Wonder what the bent-over group combing the hills of the San Juan mountains around Telluride at dawn is doing? Hunting mushrooms, of course.
"Hunting for mushrooms at daybreak has a lot of spiritual meaning," says Manny Salzman, organizer of the 22nd annual Telluride Mushroom Festival. "At that time of day, you seem to be able to connect well with the spirits of the mushrooms."
At the fair, August 22-25, about 150 to 200 fungophiles, or mushroom enthusiasts, will gather to expand their knowledge of edible, poisonous and psychoactive wild mushrooms. "People come from all over the world," says Salzman. "We always get a lot of Europeans; they just love their mushrooms."
Held during the peak of mushroom season, the weekend festival is all mushrooms, all the time. After sunrise forays for chanterelles, porcini and shiitakes, the days are booked solid with classes on mushroom identification and lectures on everything from "Mushrooms Inside the Healing Matrix" to "Knocking on Heaven's Door of Perception: Psychedelic Mushrooms and Extraterrestrial Life." Guest experts include holistic practitioner Andrew Weil, M.D., Lynn Margulis and Gary Lincoff, author of the Audubon Field Guide to North American Mushrooms. Nighttime activities include Mushroom Music and Poetry and Mushroom Movies, featuring films, songs and literature about mushrooms. Many festival participants stay at local campsites -- some are even free -- but discounts are also offered at several of the Telluride Resort lodges.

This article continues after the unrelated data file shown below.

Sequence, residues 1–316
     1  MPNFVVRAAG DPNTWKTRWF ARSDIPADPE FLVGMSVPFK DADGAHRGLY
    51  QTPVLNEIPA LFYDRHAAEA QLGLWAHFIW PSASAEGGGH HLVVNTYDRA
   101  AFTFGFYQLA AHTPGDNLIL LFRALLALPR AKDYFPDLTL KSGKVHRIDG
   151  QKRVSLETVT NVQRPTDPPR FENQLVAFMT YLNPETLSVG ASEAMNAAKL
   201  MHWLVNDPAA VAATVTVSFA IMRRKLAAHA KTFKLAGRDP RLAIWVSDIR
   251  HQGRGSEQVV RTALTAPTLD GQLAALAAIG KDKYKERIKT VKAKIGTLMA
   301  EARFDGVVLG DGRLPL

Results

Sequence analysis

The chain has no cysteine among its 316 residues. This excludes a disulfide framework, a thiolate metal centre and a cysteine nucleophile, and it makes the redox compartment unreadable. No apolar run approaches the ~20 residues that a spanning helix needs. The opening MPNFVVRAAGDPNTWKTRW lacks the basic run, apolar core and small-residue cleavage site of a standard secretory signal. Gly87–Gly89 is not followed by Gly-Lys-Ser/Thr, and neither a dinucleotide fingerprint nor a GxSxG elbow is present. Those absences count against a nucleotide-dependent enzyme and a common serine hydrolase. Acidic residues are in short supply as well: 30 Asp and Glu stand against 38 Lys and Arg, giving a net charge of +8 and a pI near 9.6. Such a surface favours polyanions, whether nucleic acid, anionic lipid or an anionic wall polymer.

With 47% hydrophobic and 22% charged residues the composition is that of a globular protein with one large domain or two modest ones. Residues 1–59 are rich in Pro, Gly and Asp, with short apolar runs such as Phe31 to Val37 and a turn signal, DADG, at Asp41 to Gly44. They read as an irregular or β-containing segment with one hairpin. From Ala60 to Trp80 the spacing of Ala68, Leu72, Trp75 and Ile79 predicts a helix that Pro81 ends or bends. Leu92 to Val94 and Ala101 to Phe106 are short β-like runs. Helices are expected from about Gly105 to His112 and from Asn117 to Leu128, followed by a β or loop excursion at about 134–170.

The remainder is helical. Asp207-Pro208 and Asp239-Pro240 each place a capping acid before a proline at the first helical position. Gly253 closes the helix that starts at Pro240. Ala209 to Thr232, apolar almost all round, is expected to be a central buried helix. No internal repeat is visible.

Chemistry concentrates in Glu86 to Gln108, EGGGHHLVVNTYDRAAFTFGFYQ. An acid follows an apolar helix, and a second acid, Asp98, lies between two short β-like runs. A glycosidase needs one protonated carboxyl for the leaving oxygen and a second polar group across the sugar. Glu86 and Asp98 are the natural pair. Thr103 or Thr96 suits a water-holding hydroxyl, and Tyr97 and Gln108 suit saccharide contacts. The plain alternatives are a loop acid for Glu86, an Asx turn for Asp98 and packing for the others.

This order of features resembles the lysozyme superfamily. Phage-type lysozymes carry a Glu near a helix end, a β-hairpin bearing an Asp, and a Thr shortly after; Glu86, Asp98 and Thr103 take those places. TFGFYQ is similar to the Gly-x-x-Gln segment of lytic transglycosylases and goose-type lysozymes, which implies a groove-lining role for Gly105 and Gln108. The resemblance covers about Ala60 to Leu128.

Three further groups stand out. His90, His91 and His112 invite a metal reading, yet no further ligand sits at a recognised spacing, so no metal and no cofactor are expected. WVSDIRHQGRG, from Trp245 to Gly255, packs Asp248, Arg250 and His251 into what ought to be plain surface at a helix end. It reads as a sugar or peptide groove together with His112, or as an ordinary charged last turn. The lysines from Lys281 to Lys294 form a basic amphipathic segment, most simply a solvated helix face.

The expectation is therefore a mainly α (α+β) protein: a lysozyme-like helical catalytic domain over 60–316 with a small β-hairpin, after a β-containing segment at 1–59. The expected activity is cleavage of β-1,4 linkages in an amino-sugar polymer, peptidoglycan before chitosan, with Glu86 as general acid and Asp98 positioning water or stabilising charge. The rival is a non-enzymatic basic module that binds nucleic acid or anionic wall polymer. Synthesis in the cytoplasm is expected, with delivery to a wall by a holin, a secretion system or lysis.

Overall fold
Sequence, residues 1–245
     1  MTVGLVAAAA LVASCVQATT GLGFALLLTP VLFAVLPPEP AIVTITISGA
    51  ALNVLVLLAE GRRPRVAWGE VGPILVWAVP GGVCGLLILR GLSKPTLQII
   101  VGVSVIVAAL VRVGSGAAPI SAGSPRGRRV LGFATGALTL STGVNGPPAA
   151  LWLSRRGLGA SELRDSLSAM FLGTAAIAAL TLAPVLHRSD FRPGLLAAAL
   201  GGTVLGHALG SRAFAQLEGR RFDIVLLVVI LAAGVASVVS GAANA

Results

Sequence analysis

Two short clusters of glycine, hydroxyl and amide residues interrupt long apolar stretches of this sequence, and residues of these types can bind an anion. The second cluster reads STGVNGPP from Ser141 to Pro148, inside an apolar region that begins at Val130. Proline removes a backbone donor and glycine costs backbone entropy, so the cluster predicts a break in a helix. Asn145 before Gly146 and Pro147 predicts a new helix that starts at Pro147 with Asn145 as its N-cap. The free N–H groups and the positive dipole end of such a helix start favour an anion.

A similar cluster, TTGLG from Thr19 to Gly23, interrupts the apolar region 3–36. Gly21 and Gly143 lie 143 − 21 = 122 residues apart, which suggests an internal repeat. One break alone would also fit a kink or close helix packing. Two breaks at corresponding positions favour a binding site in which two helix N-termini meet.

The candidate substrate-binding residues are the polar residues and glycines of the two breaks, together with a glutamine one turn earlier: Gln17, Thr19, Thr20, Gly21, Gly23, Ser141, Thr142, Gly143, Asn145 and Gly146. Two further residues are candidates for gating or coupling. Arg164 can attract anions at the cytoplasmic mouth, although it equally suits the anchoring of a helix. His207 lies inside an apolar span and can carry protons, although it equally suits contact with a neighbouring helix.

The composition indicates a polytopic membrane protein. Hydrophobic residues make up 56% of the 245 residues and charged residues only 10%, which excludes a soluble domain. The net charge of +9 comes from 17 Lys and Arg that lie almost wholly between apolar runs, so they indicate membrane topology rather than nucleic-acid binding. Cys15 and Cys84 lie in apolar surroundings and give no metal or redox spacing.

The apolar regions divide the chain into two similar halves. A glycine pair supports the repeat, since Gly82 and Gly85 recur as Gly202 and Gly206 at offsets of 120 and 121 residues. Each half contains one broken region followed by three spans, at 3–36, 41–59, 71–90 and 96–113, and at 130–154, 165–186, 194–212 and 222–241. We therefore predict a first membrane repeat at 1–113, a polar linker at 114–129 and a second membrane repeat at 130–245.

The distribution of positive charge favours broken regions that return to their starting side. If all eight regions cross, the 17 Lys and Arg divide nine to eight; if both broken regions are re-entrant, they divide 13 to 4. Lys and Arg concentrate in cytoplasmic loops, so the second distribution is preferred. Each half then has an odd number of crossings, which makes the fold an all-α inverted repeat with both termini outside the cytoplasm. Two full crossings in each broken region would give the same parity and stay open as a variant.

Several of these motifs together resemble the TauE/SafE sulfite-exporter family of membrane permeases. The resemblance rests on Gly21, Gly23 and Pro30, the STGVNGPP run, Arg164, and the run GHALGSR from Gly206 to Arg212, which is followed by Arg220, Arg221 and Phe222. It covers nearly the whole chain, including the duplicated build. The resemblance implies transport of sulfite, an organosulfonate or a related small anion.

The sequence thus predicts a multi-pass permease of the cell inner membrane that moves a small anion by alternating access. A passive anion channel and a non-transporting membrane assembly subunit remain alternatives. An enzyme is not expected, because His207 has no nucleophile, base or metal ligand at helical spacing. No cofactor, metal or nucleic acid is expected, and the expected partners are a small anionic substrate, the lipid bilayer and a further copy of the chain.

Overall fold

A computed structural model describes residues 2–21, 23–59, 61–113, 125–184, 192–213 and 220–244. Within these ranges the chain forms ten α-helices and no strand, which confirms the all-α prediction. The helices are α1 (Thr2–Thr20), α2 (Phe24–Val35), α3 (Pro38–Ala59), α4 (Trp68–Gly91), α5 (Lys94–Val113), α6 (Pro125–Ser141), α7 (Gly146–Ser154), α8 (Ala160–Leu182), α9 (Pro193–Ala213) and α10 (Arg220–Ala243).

And amateur mushroom hunters need not worry too much: reportedly, no one has ever died from eating poisonous mushrooms in Colorado. "There are a lot of mushrooms out there that could make you pretty sick," Salzman says. "But for the most part they are pretty unappetizing, so you probably won't be too tempted to eat them."
You might be tempted to eat the Amanita muscaria, the red-and-white-topped mushroom that gained notoriety in Alice In Wonderland, but Salzman doesn't recommend it. "They are legal and very plentiful in the forests of Colorado," he says. "But most people regard it as a second-rate psychedelic. They cause chills and nausea." The stronger types of psychedelic mushrooms grow naturally in the Pacific Northwest and the southeastern United States.
The festival culminates with Saturday afternoon's annual mushroom parade down Telluride's quaint main street, Colorado Avenue. Believed to be one of the few fungi parades in the U.S., the event allows participants dress up as their favorite type of mushroom. "The crowd expresses their passion for mushrooms. They paint their faces like mushrooms, dress up their dogs," says Salzman, who wears a large mushroom hat every year.
That evening, the group chows down on the hundreds of pounds of 'shrooms that they've gathered at the Mushroom Taste and Feast. "Mushrooms have a delicate taste; their preparation should be kept simple," Salzman explains. "We prepare and eat all the mushrooms that we've collected over the weekend -- it's a great party."
Time to go hunting.
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